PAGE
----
The control panel will also alert you when it's time to clean the reusable air filter, which is usually after 250 hours of active use. In sum, TOSOT's dehumidifier handles most of the work on its own and makes it easy for the user to make sure it's running smoothly.
Best Budget: Pro Breeze Electric Mini Dehumidifier
Small coverage area
Louder than expected
The damage from too-high humidity levels in your home can be costly, not to mention uncomfortable. Fortunately, even a basic and inexpensive dehumidifier can go a long way in reducing the chance of mold and mildew. This energy-efficient option from Pro Breeze removes up to 18 ounces of water per day and it has a 52-ounce tank that'll only need to be emptied every few days. Thanks to an LED indicator, you won't have to guess when it needs to be emptied, either.
The small but efficient Pro Breeze dehumidifier uses thermo-electric technology to condense moisture from the air and it operates quietly. This dehumidifier is great for in spaces up to 250 square feet—including home offices, garages, and even RVs and boats. If you need coverage in multiple rooms, you may just need a few.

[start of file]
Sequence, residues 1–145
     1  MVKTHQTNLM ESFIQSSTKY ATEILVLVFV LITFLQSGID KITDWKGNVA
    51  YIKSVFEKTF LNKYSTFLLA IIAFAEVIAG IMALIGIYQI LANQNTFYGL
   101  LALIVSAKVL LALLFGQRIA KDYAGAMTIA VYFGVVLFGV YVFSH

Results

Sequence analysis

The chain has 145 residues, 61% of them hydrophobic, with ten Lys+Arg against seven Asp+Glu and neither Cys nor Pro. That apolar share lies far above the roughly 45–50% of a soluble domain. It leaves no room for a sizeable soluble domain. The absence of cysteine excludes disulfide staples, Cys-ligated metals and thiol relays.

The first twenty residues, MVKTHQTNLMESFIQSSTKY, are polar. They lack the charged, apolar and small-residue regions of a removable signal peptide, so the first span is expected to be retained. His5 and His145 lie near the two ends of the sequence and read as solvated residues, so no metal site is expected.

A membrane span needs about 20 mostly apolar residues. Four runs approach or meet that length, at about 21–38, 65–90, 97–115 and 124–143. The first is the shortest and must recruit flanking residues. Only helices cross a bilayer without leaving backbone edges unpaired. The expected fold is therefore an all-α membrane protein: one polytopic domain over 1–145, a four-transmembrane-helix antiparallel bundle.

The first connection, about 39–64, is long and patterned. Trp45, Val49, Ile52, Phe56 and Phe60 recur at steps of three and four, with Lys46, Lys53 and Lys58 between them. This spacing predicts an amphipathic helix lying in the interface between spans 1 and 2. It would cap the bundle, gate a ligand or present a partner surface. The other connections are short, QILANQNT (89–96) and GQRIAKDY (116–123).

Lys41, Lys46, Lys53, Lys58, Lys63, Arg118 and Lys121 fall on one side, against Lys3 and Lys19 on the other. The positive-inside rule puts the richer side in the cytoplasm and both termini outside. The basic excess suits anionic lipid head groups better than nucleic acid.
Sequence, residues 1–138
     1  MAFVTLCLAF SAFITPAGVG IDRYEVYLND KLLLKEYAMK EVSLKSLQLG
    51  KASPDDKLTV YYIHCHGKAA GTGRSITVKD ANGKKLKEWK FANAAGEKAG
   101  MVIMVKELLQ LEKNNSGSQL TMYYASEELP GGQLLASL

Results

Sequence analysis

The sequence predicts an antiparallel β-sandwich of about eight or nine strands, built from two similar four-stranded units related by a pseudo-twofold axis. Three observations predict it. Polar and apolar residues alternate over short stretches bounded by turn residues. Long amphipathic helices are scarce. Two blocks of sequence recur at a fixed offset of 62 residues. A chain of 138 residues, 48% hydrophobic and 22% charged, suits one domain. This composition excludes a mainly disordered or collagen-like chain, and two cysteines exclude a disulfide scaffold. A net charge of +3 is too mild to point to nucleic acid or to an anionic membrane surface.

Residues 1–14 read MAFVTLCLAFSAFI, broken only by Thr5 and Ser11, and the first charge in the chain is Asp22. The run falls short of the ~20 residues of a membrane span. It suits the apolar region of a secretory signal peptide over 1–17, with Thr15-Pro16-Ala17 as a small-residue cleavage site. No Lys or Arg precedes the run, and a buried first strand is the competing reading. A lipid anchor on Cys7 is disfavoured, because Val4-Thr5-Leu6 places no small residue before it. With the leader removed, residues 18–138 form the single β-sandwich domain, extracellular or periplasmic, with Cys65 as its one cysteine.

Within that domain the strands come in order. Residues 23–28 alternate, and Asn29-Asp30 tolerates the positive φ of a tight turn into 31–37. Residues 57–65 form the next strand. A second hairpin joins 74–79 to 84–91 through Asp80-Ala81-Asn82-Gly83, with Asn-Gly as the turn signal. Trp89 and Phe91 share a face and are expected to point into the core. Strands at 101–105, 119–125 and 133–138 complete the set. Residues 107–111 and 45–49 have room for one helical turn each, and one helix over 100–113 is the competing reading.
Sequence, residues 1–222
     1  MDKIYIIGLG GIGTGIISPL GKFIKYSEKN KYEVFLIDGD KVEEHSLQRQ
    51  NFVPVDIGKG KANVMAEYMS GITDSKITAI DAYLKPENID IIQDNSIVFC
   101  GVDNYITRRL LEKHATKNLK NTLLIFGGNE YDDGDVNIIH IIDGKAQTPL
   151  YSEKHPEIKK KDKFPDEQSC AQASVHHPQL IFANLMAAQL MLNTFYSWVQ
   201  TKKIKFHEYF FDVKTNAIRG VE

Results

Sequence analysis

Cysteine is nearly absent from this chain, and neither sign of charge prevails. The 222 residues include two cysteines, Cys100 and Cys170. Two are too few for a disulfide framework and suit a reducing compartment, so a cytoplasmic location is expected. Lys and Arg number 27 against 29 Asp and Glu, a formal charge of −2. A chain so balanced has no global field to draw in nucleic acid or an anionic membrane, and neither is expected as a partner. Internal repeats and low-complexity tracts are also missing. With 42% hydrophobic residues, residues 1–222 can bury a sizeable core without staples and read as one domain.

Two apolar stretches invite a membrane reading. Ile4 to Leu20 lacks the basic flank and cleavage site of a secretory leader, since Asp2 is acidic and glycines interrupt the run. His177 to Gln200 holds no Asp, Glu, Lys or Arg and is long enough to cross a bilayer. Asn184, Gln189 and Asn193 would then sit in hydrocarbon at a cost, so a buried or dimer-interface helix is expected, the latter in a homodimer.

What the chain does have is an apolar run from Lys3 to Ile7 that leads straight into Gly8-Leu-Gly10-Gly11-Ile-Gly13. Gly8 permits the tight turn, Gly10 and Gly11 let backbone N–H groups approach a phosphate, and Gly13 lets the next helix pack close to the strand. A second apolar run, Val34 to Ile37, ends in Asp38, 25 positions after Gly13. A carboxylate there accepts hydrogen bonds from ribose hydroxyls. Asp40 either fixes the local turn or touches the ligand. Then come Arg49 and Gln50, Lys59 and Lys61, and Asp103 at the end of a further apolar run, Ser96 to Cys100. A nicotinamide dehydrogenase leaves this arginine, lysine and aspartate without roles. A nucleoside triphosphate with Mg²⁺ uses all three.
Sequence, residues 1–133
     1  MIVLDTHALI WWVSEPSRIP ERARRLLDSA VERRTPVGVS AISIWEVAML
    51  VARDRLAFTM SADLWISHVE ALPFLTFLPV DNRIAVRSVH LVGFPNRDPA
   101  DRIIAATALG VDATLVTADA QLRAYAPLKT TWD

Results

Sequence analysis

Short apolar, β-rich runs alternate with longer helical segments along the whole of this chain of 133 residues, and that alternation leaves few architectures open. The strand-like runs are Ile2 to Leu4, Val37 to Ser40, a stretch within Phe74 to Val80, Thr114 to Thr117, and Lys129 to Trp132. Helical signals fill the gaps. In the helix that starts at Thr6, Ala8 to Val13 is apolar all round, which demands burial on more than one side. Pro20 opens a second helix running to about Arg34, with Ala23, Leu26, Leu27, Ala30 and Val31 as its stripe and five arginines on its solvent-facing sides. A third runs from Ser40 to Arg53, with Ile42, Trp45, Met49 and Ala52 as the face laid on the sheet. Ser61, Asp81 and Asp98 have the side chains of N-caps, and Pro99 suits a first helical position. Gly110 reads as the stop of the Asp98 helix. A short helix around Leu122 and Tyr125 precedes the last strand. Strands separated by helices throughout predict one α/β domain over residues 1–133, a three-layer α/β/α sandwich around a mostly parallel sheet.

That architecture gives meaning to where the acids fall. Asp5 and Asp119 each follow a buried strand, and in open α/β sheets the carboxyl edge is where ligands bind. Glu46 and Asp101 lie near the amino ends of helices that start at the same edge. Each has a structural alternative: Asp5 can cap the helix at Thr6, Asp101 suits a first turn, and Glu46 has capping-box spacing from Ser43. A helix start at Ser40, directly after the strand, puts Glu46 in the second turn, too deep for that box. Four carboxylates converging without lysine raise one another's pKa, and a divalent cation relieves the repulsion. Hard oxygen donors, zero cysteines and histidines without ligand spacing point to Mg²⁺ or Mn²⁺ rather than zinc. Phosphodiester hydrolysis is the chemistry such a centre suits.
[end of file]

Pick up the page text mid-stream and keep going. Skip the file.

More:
Best Desiccant Unit: Meaco 17-Pint Desiccant Dehumidifier
Works in hot and cold climates
Doesn't save settings after shutting down
Slightly loud operation
Desiccant dehumidifiers remove moisture from the air via chemical attraction, rather than condensation. This key difference means they can work in a wide range of climates without freezing up. If you're hoping to remove moisture from your garage or anywhere in your home that tends to get chilly, a desiccant model might be right for you. This particular option from Meaco is our pick for its lightweight design and efficient operating capabilities.
This model can operate in temperatures as low as 41 degrees. With a capacity to remove up to 17 pints of water per day, it can work continuously or at intervals of one, two, four, or eight hours. The adjustable humidistat allows you to set your desired humidity level or you can use the unit's preset dehumidifying modes.